Do you ever wonder where the day, week or month went? It’s not uncommon and we’ve all literally asked that question at some point. As society has evolved with it the daily tasks of life have taken over. Some are necessary while others are by choice.
When it comes to busyness there are two kinds of people: Those who are actively engaged in their busyness, and those who are always thinking about what has to be done and are exhausted by their own mind.
When is the last time you felt like you had a truly successful day? Or maybe you got a lot done but it’s all just a blur. Intentional Living helps us declutter, focus on purpose and being fulfilled, and take active roles in deciding how our days go.
Imagine if you were actively present and engaged with nearly everything you did, and you also gave yourself permission to do nothing. Let’s look at a couple of simple examples.
Eating: As a fitness professional I help people strategize ways to be proactive in their approach to activity and food management. The act of eating with intention helps people control their cravings and overeating. It is the difference between throwing a few almonds or popcorn kernels in your mouth at once and going for the next handful before swallowing, and eating each piece one by one. Mindless eating encourages continued hunger and overeating whereas intentional eating allows you to savor each piece and slows you down. Experiencing your food completely helps stop us from seeking more because you are more fulfilled.
Organizing a closet: Imagine a cluttered closet that drives you crazy because it is a mess and disorganized. You know you have to clean it but it takes time. At least four times per week you tell yourself you are going to clean it. But it never makes the priority list, and it frustrates you that you keep putting it off. Until you are genuinely ready to allocate the times to clean it out, remove it from the list in your mind. The list of unfinished and unimportant items is daunting and exhausting. Now I’m not saying don’t clean it, what I’m saying is be intentional. Decide that you are not cleaning it until a specific time that is more reasonable, and when you do, add it to an accomplishable list and get it done.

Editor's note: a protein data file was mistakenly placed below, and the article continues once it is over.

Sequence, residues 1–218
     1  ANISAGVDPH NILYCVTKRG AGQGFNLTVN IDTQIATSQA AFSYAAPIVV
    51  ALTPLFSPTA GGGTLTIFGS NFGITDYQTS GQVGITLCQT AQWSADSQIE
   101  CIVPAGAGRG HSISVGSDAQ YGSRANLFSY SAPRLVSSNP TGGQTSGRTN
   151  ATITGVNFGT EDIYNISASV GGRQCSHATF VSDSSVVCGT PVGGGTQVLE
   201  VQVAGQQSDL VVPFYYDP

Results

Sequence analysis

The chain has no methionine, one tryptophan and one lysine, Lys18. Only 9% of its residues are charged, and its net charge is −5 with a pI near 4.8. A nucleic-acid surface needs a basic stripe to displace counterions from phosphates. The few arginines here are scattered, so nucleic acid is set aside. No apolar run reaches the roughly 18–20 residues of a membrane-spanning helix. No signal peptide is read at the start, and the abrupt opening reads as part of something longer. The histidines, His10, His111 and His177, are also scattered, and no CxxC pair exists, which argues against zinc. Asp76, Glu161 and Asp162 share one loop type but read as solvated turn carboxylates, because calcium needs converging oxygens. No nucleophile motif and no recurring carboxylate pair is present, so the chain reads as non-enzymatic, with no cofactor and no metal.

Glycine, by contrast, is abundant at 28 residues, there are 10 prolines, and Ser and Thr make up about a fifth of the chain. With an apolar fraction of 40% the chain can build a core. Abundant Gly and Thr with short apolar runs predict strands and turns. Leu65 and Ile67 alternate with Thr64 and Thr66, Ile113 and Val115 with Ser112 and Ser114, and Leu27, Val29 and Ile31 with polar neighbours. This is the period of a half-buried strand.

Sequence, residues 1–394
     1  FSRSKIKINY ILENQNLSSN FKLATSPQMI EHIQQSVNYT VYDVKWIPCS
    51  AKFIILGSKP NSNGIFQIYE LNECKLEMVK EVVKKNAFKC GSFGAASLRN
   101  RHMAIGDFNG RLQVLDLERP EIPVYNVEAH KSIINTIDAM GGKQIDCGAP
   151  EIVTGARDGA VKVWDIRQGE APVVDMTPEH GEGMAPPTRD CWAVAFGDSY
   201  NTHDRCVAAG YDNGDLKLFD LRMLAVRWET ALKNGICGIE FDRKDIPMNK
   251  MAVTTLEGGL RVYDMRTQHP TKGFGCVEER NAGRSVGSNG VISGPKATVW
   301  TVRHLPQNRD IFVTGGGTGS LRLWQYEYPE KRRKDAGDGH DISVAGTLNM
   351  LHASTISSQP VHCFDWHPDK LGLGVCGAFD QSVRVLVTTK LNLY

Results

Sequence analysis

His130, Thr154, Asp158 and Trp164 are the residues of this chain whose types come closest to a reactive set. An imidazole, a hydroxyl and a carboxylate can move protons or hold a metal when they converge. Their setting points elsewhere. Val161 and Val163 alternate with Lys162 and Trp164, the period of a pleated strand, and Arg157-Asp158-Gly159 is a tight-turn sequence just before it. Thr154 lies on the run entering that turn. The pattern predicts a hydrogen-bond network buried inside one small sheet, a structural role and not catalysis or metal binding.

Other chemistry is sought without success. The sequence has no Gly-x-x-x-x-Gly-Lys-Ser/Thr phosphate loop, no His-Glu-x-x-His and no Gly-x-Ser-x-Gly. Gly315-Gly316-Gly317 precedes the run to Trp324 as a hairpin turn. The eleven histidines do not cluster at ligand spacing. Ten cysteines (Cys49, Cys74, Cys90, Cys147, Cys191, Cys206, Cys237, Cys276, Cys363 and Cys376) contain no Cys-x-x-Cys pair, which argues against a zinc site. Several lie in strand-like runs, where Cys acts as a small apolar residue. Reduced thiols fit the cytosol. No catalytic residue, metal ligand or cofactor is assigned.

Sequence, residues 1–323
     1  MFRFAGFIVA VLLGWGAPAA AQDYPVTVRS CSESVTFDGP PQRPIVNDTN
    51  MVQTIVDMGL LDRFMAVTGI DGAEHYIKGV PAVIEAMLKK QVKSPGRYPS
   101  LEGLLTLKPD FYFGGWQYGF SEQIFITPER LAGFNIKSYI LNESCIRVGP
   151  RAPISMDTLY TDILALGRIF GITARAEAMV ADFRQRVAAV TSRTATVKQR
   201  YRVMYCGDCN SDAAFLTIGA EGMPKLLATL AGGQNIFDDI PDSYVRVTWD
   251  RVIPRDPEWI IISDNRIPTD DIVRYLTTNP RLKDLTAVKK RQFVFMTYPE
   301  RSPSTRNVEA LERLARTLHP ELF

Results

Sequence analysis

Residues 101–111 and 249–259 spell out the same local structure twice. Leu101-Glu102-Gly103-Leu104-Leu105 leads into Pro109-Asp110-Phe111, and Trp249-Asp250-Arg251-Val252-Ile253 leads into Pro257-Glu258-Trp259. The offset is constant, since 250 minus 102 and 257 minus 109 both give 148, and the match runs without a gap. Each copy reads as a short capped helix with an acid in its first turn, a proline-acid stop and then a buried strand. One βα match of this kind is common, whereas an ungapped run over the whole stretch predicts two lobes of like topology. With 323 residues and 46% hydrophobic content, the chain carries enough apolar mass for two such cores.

1. You get to decide how you are going to think and behave. Don’t let other people’s expectations (or your own) of what you’ve done before shape your future. At any point you get to decide you want to do something different.
2. Stop comparing yourself to other people’s successes. It is the killer of joy. They have a unique life experience as do you.
3. Define how you want to contribute to the world around you. Sharing your personal gift is far more fulfilling than living within your own world.
4. Plan and prepare. Prepare your food in advance, and give your day structure to keep you on task.
5. Set goals and prioritize. Define long-term commitments, mid-range and those items that are easy to accomplish.
6. Get rid of distractions. Once you commit, focus. Turn off the TV, phone and internet, and be present in whatever it is you are doing, or engaged with whomever you are with.
7. Give yourself downtime. Letting yourself just be without regret of time wasted is an opportunity to experience what is around you and reset.
8. Be a consummate learner. Observe others, learn new things. When we are not growing and learning we feel stagnant.
Originally published at www.nicolehollar.com